According to a new report by the American Cancer Society Cancer Action Network, Florida is among many states that have “missed opportunities to enact laws and policies that could not only save money and generate revenue but also save lives.” In Florida, the report finds that cancer screenings for women have been particularly neglected in state policies.

The report, titled How Do You Measure Up?: A Progress Report on State Legislative Activity to Reduce Cancer Incidence and Mortality, “ranks state policies in five priority areas.”

The five “priority areas,” according to a press release announcing the report, are:

  • breast and cervical cancer early detection program funding
  • colorectal screening coverage laws
  • smoke-free laws
  • tobacco prevention program funding
  • tobacco taxes.

The study analyzes whether states have either “well-balanced policies and good practices,” or whether they are falling short, in these health policy areas.

Florida is one of seven states that is falling short in every single one of these areas. Alabama, Idaho, Mississippi, Oklahoma, South Carolina, and Tennessee are the other states that are also falling short in every category.

According to a press release from the Cancer Action Network:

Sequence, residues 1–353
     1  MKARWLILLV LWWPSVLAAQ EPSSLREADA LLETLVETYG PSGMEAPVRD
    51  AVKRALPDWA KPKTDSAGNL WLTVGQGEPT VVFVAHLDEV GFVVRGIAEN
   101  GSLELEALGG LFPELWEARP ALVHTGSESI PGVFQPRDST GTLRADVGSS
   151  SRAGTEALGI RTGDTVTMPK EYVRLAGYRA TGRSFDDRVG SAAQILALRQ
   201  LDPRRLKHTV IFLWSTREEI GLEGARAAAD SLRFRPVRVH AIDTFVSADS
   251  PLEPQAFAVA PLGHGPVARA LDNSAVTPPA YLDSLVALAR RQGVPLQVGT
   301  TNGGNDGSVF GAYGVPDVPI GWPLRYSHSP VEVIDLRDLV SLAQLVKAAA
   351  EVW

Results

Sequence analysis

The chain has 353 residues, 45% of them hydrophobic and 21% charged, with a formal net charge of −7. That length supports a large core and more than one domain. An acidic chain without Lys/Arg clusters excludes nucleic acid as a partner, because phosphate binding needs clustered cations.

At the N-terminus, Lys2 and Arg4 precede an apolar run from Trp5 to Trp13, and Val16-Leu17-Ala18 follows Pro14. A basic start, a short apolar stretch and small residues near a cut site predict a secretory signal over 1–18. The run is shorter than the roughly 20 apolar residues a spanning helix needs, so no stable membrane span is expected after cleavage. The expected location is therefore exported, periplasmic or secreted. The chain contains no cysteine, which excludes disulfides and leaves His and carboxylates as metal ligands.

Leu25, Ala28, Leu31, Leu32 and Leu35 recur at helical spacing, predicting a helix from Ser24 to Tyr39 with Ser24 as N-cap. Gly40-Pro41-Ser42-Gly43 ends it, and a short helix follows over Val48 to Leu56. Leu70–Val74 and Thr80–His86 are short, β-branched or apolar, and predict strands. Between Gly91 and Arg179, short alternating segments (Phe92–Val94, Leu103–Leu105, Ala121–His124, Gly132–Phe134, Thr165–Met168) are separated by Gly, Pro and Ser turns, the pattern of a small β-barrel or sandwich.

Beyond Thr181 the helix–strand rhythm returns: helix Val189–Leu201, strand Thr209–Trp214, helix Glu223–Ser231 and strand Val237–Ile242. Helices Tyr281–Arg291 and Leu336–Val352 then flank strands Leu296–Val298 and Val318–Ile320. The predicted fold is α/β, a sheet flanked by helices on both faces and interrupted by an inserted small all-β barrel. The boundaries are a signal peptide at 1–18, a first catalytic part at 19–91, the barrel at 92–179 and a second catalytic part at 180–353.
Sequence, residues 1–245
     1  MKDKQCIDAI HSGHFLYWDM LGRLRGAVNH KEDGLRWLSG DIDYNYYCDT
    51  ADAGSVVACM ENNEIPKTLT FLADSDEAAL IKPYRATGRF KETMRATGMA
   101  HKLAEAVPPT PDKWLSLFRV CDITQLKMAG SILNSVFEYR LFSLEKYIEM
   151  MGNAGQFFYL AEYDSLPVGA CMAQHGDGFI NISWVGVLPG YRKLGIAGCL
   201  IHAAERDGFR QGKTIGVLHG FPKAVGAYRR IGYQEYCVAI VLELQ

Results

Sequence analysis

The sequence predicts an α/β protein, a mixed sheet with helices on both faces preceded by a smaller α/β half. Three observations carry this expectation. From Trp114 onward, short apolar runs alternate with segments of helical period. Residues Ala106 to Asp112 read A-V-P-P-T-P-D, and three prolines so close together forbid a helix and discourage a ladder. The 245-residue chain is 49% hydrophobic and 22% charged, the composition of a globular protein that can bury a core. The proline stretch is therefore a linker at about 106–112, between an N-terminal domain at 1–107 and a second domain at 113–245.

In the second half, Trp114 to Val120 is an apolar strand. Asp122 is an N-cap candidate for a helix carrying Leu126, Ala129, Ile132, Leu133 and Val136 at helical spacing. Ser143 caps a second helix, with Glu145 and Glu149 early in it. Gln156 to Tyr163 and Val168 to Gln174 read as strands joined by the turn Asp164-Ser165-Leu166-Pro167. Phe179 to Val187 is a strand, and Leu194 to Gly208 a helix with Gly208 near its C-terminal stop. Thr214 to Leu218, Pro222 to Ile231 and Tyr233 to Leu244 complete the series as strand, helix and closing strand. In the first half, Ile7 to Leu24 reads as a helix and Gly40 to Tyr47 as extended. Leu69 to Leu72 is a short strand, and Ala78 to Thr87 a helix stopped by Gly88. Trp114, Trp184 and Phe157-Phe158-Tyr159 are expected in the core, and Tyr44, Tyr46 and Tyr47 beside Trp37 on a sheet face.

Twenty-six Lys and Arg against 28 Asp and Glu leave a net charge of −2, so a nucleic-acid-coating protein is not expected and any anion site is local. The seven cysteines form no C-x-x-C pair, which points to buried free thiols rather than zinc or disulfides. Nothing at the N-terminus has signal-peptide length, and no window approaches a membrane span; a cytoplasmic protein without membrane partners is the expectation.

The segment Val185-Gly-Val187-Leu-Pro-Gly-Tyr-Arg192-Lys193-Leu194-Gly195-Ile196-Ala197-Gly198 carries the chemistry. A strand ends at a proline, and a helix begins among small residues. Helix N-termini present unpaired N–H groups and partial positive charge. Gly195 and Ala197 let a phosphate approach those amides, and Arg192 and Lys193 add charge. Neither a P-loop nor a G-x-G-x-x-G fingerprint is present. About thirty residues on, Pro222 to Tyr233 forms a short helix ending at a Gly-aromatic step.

“State legislators should support laws and policies that help people fight cancer by emphasizing disease prevention, making health care affordable and accessible and focusing on quality of life,” said John R. Seffrin, PhD, chief executive officer of ACS CAN. “Missed opportunities to pass laws that fight and prevent cancer not only leave new state revenue and health savings on the table, but deny the potential for saving countless lives from a disease that still kills 1,500 people every day.”

One area where the Cancer Society scores Florida particularly low is in state appropriations for breast and cervical cancer screening programs.

According to a state-by-state analysis, Florida “allocates no money for the program.”

The group’s press release says that “many states are slashing funding to the National Breast and Cervical Cancer Early Detection Program, which provides low-income and uninsured women with access to life-saving mammograms and Pap tests.” The group also warns that “decreased funding means that fewer eligible women across the United States have access to lifesaving screenings.”

Public funding for women’s health in Florida has taken a hit this past year. The state’s budget (with added line-item vetoes from Gov. Rick Scott) cut millions in funding for women’s health.

One policy research group recently stated that the severity of the cuts to the state’s public health funding was “unnecessarily harmful.”

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